During lockdown, nurse Tessy Fautsch packed her bags and flew to Yemen with Doctors Without Borders, helping out locally in the fight against Covid-19.

The country has been scarred by civil war and its medical system is wobbly, but participants of the mission knew very well what they were about to face.

Al-Qaida and ISIS as biggest threats

Fautsch spent fourth months at the Al Gamuriah hospital in Aden, a city south of the country. Her stay was very much influenced by the terrorist threats in the region, especially Al-Qaida and ISIS.

"For that reason we only commuted between our accommodation and hospital. Besides that road we did not see much," Fautsch explains. Although the country had just entered a ceasefire, Fautsch and her colleagues were warned to leave the hospital every evening before 7pm. A 12-hour work day, dinner and sleep became her four-month routine.

Between mid-March and end of July infection rates skyrocketed in Aden. In the period of June until end of August, Doctors Without Borders took in 200 patients, many having responded late to their symptoms and thus with little chance of survival.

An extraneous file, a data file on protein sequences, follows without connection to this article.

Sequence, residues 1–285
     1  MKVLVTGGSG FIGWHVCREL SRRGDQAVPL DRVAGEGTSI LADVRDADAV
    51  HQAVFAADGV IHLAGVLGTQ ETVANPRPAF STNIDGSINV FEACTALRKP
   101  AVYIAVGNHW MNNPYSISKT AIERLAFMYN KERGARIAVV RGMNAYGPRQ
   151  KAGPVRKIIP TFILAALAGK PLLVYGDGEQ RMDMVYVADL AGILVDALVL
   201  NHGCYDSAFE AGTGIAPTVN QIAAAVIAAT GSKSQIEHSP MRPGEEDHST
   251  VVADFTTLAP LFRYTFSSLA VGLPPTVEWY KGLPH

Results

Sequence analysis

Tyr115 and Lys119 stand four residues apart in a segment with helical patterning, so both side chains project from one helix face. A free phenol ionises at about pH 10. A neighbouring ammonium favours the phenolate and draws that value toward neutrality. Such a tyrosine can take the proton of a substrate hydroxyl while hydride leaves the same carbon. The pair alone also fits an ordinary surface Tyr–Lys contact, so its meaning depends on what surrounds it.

"We applied non-invasive ventilation for those that we thought could still be saved, but sometimes it did not work and the individual had to be intubated. If complications would arise, for example that the kidneys stopped functioning, we couldn't simply do a dialysis the way one would in Luxembourg. They were contaminated after use."

Of the patients that were intubated, 96% did not survive.

Antibiotic resistance

During their stay, the doctors and nurses noticed that many patients had built up a resistance against antibiotics. "An analysis to see which antibiotics would work on a person cost us lots of time. We would conclude that out of 17 antibiotics, half or two thirds would not have an effect. By the time we knew which ones to apply, the person had passed away. We lost a couple of people with that."

66 patients were cured in the time period, however. Three individuals from the Doctors Without Borders team have tested positive for Covid-19 since, but it's unclear whether they were infected in the Yemen hospital or somewhere else.


The team did not obtain over the highest standard of personal protective equipment, and mostly worked in operation clothing that is usually only worn once. But both clothing and masks were so rare both had to be worn multiple times.

Report in Luxembourgish:

Tessy Fautsch in Yemen - Report by Dany Rasqué (in Luxembourgish)